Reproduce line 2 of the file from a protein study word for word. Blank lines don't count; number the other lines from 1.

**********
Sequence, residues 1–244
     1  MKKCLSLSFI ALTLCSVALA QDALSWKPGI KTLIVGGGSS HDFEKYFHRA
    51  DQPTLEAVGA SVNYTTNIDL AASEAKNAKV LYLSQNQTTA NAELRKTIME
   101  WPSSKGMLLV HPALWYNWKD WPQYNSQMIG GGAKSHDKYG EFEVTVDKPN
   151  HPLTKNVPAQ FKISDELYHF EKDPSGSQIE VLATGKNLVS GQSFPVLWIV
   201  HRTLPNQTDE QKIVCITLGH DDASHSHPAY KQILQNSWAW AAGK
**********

     1  MKKCLSLSFI ALTLCSVALA QDALSWKPGI KTLIVGGGSS HDFEKYFHRA